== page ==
When I first saw previews for the movie Knocked Up, it was impossible not to roll my eyes. It looked like any other cliche movie about a one night stand that results in an unexpected pregnancy. The girl would get pregnant. They would try and work it out because she decided to have the baby. And things would go horribly wrong about an hour into the movie only to be resolved at the end with a loving couple having a beautiful baby they wanted to keep. But after seeing the movie, I grew rather fond of it.
So when I saw the previews for Judd Apatow’s This is 40 whilst flipping through channels at home, I decided I had to see it if for no other reason than to follow up on the lives of Pete and Debbie, the sister and brother-in-law of Katherine Heigl in Knocked Up.
Pete and Debbie are now both turning 40. While struggling through a midlife crisis and rough patch in their marriage, they are also trying to raise their two daughters and keep up with their own fathers, each with his own young family.
While the couple still love each other, their marriage is close to breaking under the weight of financial struggles, intimacy issues and differing styles of parenting. Pete’s record label is fizzling out, Debbie thinks one of her employees is embezzling money from her boutique and Pete’s father is constantly borrowing money from his son. The added stress of dealing with a hormonal teenager, Sadie, and her younger sister, Charlotte, only aggravates the couple and provokes arguments between them.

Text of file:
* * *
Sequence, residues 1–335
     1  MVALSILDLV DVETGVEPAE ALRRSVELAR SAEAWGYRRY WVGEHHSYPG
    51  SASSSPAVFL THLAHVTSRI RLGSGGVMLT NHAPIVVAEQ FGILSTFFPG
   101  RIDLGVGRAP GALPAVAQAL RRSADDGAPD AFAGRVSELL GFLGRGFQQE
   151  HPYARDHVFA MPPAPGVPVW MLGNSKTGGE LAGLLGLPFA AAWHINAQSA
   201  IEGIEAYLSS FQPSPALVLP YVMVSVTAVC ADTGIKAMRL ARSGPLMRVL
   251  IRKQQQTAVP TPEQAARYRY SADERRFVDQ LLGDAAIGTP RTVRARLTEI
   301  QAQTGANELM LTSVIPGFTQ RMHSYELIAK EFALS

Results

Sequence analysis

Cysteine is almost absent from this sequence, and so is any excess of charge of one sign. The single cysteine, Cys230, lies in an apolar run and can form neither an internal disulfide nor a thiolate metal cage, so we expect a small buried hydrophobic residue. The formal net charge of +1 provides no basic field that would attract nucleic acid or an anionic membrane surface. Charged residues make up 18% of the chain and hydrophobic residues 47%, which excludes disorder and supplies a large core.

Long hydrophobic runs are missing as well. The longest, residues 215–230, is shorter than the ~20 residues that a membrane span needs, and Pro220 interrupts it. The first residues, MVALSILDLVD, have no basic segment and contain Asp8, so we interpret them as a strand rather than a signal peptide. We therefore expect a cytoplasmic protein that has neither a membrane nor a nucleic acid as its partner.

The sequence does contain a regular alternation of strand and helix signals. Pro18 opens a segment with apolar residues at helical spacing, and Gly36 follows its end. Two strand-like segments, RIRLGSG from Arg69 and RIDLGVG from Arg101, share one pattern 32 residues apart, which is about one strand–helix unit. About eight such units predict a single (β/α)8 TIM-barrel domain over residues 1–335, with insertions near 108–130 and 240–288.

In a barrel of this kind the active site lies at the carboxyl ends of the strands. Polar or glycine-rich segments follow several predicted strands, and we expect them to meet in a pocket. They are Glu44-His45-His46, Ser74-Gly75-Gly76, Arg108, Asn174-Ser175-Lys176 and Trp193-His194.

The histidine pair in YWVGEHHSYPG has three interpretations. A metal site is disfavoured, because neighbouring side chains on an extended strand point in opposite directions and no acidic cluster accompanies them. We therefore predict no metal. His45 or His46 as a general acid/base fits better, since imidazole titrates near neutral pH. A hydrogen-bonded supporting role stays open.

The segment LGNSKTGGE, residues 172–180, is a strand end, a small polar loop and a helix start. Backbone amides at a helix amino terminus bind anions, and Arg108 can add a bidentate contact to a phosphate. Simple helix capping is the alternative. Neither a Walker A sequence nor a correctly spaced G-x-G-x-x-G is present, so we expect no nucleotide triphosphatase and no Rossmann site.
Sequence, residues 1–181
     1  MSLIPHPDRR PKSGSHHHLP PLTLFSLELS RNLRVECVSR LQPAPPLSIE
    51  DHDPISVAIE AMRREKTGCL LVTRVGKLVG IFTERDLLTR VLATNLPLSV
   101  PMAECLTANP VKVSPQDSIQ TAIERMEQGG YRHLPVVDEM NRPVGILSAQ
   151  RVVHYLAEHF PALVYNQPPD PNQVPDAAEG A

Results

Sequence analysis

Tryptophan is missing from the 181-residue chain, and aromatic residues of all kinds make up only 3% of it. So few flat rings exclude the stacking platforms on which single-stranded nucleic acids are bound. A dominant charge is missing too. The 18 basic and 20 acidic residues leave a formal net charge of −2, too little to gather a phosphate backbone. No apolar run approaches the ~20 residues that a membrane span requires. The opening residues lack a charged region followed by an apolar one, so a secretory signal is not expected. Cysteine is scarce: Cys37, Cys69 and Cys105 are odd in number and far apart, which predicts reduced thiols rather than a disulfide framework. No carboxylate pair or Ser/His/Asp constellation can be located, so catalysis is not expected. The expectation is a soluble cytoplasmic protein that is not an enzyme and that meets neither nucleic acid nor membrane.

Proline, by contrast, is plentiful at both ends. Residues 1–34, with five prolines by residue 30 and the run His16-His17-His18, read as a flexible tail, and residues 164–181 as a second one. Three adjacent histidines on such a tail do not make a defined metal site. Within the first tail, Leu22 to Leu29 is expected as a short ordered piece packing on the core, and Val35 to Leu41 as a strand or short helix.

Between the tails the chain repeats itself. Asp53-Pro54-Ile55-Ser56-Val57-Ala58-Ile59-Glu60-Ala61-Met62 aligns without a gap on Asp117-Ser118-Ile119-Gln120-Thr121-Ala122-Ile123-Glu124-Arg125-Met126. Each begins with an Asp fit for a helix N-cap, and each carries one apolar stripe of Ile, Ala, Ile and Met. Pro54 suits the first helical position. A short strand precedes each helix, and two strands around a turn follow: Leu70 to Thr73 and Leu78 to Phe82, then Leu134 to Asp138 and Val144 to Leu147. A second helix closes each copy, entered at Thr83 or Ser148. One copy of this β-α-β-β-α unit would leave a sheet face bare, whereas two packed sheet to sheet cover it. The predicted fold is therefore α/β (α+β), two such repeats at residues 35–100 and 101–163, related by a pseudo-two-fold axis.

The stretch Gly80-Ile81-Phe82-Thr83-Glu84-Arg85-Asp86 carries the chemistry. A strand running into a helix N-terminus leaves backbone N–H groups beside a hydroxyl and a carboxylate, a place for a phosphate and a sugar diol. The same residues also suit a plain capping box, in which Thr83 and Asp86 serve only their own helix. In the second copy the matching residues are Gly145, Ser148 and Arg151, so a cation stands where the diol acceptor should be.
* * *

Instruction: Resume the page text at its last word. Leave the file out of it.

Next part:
But the movie is anything but typical. This is 40 pokes fun at Pete and Debbie’s personality flaws in a way that I think most can relate to. She’s demanding and he’s juvenile. She’s cantankerous and he’s tactless. Together it’s no wonder they’re constantly clashing with each other. But director Judd Apatow makes no move to hide the truth in their relationship.
They are difficult to like at first because Pete’s immaturity and Debbie’s criticisms are hard to see past. They are mean and self-centered. But they are kind of like me and everyone else I know in many ways. Paul Rudd and Leslie Mann portray the couple struggling to get through each day doing the best they can to its full extent.
The movie is good. Or at least as good as Rudd and Mann are. You notice the flaws in their life as it flashes across the screen. But the imperfections are what make the movie life-like. It’s not always funny and witty, but neither is life.
By Ipsa Chuadhary